The smell is so bad you can almost see it, rising dirty yellow from the pores of the city, hot with summer and the busy friction of decay. People pick their way through the stench, handkerchiefs to noses.

         Plastic bags pile up in back lanes and street corners, spilling maggot-ridden scraps and wet newspapers, bones and old bottles. Dogs nose about in the daytime, but at night there are rats, hundreds of them, bloated and fearless. You can hear them rutting and squabbling all over town. Bored youths roam the alleyways, clubbing them to death for fun.

         This is Glasgow, 1973, and the bin men have been on strike for weeks.

          I’m lying on my bed, smoking too much and burning inside like I’m going to flare up and they’ll maybe find me later, a pair of shoes and a pile of ash. Spontaneous combustion. I’ve got a black eye. It’s purple and raw and swollen and if I close the good one I can see the world through a fog of angry red squiggles and it’s pure shite so it is. The whole stinking world throbs with pain.

           And just yesterday I thought I was in love.

           It felt really good. We’d been out on the town. Me and Sally. A wee bit dancin’, a couple of drinks, and we were walking to Buchanan Street to catch the late bus home. She’d been quiet all night but I was talking ten to the dozen. A load of nothing I can tell you, but I was in love. My guard was down.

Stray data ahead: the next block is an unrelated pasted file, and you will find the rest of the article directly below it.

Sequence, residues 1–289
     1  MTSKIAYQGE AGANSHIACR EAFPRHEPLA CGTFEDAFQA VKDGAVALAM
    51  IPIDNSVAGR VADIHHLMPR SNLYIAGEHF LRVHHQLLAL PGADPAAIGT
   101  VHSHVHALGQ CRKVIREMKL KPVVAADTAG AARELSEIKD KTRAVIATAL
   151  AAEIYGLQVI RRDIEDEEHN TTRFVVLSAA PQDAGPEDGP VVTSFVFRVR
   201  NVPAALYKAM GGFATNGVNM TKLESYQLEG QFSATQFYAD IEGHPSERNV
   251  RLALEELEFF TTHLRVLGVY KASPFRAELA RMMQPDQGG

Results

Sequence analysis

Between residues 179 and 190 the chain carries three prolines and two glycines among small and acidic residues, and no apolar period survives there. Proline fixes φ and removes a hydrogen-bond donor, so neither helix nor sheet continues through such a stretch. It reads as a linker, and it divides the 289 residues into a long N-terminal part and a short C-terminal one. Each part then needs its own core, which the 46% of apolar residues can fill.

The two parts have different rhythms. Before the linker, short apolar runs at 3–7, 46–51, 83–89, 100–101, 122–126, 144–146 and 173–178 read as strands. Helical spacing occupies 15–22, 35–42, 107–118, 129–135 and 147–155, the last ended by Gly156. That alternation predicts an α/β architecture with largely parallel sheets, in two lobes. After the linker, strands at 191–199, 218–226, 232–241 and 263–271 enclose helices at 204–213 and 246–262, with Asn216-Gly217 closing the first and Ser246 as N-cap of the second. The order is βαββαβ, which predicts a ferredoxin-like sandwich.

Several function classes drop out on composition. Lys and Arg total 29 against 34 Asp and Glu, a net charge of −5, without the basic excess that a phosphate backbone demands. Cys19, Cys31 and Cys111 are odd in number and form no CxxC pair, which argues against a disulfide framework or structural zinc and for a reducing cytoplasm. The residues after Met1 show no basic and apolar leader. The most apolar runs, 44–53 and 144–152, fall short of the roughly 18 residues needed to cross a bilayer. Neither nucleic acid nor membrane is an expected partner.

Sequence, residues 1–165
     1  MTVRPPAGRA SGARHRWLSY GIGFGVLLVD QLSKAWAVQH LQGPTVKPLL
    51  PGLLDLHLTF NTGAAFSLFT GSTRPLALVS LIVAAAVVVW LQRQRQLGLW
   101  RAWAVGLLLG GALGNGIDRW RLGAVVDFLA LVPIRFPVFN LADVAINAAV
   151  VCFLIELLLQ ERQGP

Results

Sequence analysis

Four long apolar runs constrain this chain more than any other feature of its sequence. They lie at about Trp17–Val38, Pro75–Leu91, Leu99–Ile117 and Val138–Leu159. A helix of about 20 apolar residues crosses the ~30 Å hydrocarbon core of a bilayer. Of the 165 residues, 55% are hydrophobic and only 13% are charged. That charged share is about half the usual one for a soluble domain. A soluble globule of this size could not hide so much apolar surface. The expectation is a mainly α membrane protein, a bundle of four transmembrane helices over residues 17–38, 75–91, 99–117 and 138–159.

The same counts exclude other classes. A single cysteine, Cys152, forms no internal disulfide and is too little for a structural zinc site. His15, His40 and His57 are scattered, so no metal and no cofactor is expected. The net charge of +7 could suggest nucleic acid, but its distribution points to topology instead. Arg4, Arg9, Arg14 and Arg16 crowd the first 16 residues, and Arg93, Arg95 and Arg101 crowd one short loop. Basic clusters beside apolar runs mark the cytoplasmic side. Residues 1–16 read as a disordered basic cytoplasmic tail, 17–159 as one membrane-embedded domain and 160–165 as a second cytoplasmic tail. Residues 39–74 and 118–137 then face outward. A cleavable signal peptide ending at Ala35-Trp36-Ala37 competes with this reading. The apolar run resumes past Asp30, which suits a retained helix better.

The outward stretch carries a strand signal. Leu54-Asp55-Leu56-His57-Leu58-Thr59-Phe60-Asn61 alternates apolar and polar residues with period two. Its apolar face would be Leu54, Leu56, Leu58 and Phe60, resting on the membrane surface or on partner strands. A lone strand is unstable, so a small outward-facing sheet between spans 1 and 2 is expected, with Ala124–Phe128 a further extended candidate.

So I didn’t see it coming when we walked past an alleyway and a squealing rodent belted out in front of us in a wild panic. It was big and black and greasy, and that was bad enough. But then we saw that it was followed closely by some bug-eyed bampot heaving a big club. Ratty dodged around us and Sal let out a scream as the club came down, just missing my foot but making me hop anyway. I nearly pulled her over as the lucky rodent scampered away.

            She looked at me, disgusted.

            I looked at Mr. Bampot. “Go an’ eat something your own size, pal”, I told him, pretending to be brave. But he saw right through me, because he turned round and his fist connected with my face and I connected with the garbage. Then he buggered off back down the alley to pursue his wee hobby. As I lay in the muck and felt wet slime trickle down my neck I noted two things. The knowing gleam of a rodent’s eyes in the darkness, and the click of Sally’s heels as she ran off up the road. A few minutes later she passed me in a taxi. She was laughing, I swear it. The rat.

           Yesterday I thought I was in love, but she thought I was just a tosser. And that’s what really hurts.